Program 06, May 28–June 6

Called “a runaway box office hit” at its premiere in 2009, Helgi Tomasson’s Swan Lake opens Program 06 on May 28, with performances through June 6. The story of the white swan Odette and Prince Siegfried and their foils, the black swan Odile and Von Rothbart, is brought to life with set and costume designs by Tony Award–winner Jonathan Fensom; lighting by Jennifer Tipton; projection design by Sven Ortel; hair, wig, and makeup design by Michael Ward; and the timeless score by Tchaikovsky, playing out over a prologue and three acts. Swan Lake offers standout roles for the corps of 30 swans and Odette/Odile, with her surprising 32 fouettés in the third act. San Francisco Ballet presented America’s first full-length production of Swan Lake in 1940, and this production of Swan Lake is Tomasson’s second; the ballet is not only a classic of the repertory, but an integral part of San Francisco Ballet’s history. It was last seen in the 2017 Repertory Season.

Program 07, June 18–27

Helgi Tomasson’s Romeo & Juliet closes the 2021 Repertory Season. Another signature work of the Company, Romeo & Juliet premiered during SF Ballet’s 1994 Repertory Season and is set to Sergei Prokofiev’s score. The full-length production features lighting design by Thomas R. Skelton and “opulent” (Los Angeles Times) Italian Renaissance designs by Jens-Jacob Worsaae. Included in Romeo & Juliet are the intricate and exhilarating sword-fighting scenes, which Martino Pistone choreographed in tandem with Tomasson. True to the era, characters fight with rapiers, daggers, and bucklers in tightly choreographed scenes requiring hours of rehearsal. Romeo & Juliet inaugurated Lincoln Center at the Movies: Great American Dance in 2015, when it was shown at cinemas nationwide. The ballet has been performed live at The John F. Kennedy Center for the Performing Arts, the Bolshoi Theatre (balcony pas de deux), and Segerstrom Center for the Arts. SF Ballet most recently performed Romeo & Juliet on tour at The Royal Danish Opera House in Copenhagen, Denmark, October 30–November 2, 2019.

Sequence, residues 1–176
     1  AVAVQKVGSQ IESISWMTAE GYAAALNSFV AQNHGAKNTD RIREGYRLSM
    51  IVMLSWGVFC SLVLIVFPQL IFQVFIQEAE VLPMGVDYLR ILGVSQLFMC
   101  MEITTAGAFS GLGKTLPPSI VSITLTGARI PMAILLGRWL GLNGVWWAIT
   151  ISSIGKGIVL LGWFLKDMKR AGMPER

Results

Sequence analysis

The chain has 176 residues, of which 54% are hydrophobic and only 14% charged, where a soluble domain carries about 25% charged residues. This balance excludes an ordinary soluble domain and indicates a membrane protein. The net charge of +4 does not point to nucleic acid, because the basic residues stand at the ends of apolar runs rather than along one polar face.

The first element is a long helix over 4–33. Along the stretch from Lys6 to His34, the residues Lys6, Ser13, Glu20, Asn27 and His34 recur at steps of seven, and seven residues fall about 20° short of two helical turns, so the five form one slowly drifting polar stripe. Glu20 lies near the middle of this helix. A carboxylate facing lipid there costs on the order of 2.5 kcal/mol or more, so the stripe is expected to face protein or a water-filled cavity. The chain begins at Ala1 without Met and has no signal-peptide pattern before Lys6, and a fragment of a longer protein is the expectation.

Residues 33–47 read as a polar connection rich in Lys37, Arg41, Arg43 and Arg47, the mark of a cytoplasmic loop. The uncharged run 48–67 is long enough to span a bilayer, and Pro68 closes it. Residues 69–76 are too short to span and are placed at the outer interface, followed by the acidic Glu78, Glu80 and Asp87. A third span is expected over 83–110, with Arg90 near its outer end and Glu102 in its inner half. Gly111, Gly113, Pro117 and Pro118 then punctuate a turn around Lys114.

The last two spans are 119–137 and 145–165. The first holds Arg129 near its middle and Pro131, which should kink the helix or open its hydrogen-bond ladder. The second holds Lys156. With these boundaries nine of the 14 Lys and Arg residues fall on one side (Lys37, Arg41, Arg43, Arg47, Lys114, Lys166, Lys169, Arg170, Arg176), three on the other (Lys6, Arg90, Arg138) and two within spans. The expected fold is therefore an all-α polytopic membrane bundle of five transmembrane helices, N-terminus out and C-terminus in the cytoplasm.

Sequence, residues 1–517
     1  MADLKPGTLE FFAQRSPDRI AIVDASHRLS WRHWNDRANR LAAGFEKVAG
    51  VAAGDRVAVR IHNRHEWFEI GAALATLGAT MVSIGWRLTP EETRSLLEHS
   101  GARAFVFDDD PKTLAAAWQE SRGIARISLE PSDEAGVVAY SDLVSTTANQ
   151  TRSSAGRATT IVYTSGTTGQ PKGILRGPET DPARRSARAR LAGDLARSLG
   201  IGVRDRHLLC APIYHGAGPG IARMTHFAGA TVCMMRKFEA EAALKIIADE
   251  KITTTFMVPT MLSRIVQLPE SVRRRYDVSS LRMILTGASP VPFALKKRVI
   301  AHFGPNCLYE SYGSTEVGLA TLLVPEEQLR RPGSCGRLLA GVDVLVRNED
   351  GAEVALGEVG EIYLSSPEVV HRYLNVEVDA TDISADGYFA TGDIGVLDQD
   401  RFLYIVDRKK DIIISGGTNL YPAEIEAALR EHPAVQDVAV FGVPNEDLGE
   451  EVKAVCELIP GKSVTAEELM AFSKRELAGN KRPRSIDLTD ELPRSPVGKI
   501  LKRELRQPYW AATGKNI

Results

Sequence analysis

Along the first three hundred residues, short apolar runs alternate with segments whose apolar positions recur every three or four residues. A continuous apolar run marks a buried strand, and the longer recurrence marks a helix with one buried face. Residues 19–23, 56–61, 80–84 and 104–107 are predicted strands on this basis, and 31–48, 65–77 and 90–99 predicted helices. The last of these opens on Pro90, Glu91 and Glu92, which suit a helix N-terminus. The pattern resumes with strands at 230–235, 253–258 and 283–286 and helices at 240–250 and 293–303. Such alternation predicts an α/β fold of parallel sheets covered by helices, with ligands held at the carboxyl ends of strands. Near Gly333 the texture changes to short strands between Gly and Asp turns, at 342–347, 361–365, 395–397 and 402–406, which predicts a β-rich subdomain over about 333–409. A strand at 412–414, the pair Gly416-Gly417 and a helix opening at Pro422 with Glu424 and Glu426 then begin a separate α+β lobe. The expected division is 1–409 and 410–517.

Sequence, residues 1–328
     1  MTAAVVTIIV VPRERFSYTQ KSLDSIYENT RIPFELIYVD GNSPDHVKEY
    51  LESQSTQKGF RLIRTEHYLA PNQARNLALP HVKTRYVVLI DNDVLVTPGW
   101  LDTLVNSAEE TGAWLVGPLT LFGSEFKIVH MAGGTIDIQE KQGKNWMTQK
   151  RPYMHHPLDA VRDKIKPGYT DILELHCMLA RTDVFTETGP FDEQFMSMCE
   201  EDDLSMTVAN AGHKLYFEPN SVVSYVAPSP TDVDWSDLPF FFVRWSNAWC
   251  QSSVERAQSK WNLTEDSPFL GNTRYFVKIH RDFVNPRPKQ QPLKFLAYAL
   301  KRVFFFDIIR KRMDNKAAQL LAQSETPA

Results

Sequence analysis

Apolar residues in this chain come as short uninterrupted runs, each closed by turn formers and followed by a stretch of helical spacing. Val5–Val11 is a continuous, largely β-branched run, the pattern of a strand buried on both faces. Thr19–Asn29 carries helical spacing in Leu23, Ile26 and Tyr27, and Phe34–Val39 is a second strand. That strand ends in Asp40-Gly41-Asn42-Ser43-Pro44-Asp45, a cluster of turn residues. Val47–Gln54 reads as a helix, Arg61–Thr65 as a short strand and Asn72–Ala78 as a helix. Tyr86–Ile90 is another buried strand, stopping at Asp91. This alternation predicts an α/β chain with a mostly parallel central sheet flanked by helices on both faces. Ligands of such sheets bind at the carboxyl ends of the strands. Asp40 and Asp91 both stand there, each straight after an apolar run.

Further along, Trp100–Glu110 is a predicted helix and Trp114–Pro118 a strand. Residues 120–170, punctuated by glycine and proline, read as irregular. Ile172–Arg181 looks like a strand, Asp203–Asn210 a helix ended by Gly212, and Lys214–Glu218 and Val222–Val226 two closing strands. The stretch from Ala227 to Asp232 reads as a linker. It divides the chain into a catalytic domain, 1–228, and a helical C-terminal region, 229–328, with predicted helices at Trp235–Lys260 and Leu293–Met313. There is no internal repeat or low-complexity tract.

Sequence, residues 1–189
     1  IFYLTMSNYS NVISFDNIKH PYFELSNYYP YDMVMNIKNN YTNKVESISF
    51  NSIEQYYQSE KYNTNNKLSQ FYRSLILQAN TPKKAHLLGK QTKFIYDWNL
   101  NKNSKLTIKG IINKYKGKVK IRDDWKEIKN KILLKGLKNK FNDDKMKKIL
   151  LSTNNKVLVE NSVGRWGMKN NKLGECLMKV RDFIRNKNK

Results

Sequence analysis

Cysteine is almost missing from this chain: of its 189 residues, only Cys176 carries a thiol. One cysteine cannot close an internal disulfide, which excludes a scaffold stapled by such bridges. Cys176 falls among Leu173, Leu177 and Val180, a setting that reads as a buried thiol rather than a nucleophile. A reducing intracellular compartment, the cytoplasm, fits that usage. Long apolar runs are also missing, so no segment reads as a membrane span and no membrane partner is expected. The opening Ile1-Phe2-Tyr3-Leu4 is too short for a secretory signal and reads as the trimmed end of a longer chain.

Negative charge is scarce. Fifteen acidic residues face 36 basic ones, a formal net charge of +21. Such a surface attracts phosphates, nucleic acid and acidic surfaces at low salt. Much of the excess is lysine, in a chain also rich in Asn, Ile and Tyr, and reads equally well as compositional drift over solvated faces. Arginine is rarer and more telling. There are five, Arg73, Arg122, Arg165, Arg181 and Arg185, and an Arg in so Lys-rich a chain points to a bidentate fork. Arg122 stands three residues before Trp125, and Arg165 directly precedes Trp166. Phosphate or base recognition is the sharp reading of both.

Comments on this entry are closed.